In November 2011 Ugandan newspaper New Vision called attention to the “horrific sanitation conditions” of a World Bank-funded waterway in Uganda, calling it a “toxic dumping ground”. The Bank’s International Development Association (IDA), its low-income country arm, lent $22.4 million for the construction of the Nakivubo Channel waterway, which runs through the country’s capital Kampala and “regularly floods polluted water into people’s homes, causing damage and disease”, according to the newspaper. It also reported that locals employed to clear the waterway are not provided protective gear and not paid enough to treat illnesses they contract as a result. The workers also complain of the illnesses being spread to their children, the paper said.
Renewed calls for a substantial SDR allocation raise urgency of reforming the inequitable global reserve ‘non-system’.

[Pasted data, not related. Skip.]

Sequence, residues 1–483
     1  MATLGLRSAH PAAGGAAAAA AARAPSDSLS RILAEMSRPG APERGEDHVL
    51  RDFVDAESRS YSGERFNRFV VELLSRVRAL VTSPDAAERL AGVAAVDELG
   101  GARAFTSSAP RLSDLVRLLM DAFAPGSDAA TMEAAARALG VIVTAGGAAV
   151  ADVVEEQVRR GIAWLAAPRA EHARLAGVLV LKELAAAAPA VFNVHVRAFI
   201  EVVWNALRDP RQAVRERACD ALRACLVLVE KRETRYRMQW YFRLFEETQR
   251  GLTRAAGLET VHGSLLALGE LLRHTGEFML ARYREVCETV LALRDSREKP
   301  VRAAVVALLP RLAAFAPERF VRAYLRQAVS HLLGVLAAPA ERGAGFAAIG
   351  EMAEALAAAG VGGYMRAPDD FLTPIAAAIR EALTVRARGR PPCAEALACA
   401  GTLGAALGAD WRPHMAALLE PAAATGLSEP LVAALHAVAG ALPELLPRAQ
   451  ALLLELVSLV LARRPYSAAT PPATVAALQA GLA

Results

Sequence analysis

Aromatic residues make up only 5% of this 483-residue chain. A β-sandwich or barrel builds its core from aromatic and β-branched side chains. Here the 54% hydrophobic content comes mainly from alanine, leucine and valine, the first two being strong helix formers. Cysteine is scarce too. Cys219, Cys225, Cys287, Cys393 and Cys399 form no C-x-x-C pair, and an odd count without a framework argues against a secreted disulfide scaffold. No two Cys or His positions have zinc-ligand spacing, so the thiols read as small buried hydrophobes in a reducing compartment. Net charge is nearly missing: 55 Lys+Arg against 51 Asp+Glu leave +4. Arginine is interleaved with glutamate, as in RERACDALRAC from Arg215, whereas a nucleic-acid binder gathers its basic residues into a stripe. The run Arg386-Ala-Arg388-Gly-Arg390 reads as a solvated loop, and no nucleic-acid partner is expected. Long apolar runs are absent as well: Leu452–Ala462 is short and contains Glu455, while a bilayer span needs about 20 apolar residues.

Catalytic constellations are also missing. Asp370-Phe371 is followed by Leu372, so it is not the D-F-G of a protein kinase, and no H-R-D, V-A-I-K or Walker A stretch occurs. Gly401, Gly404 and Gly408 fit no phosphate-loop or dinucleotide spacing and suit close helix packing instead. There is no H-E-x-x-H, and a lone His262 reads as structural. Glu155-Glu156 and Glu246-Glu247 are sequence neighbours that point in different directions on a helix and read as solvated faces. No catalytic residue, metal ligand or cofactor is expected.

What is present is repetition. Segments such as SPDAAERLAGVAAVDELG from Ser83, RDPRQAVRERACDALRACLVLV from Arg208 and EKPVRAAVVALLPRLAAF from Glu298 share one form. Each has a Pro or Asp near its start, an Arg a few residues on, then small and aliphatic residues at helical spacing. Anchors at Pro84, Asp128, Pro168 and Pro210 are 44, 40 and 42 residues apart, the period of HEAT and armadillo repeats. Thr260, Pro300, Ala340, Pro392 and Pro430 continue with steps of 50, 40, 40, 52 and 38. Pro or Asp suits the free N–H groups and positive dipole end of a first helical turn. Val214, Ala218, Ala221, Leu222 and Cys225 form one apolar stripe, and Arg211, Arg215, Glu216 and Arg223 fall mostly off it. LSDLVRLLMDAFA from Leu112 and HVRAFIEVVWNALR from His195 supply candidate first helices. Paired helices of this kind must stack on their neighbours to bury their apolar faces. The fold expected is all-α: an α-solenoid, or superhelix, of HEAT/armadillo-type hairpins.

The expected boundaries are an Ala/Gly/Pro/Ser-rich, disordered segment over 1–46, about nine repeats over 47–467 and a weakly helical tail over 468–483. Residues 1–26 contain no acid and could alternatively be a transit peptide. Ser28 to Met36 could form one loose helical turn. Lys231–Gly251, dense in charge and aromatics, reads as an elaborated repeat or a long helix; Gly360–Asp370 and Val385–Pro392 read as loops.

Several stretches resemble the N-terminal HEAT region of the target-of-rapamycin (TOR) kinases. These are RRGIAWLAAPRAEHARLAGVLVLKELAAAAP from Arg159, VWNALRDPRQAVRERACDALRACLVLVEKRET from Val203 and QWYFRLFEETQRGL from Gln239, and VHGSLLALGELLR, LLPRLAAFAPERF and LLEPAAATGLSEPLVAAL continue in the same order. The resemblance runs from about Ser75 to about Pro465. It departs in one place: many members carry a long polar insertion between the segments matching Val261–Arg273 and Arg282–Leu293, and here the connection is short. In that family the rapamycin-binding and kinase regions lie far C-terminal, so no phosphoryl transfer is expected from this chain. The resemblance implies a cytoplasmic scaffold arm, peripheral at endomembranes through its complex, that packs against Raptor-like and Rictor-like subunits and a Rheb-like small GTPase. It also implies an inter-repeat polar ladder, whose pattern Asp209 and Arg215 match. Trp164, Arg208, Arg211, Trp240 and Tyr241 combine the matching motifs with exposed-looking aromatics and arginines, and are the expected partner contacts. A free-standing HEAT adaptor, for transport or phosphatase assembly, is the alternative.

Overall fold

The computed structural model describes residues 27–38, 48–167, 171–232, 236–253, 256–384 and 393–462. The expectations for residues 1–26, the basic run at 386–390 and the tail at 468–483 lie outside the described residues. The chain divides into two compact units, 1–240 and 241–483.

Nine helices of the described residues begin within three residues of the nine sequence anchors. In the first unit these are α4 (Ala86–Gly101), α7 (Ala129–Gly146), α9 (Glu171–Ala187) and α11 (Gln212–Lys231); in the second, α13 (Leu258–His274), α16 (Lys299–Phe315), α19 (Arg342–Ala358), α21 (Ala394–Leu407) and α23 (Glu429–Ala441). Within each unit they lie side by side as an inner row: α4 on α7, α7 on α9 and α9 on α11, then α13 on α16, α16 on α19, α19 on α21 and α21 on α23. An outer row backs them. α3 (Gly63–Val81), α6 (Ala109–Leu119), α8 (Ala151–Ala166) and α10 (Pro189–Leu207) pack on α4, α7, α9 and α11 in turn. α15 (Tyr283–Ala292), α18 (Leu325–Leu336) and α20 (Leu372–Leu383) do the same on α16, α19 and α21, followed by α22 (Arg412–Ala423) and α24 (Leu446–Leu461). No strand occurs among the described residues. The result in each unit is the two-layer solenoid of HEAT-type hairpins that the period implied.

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The Bretton Woods Project is a UK-based NGO that challenges the World Bank and IMF and promotes alternative approaches. We serve as an information provider, watchdog, networker and advocate. Our flagship publications are the Bretton Woods Observer, a quarterly critical review of developments at the World Bank and IMF, the Dispatch, a biannual analysis of the World Bank and IMF Spring and Annual Meetings, and the NewsLens, a bi-weekly roundup of key news and critical viewpoints published about the World Bank and IMF.
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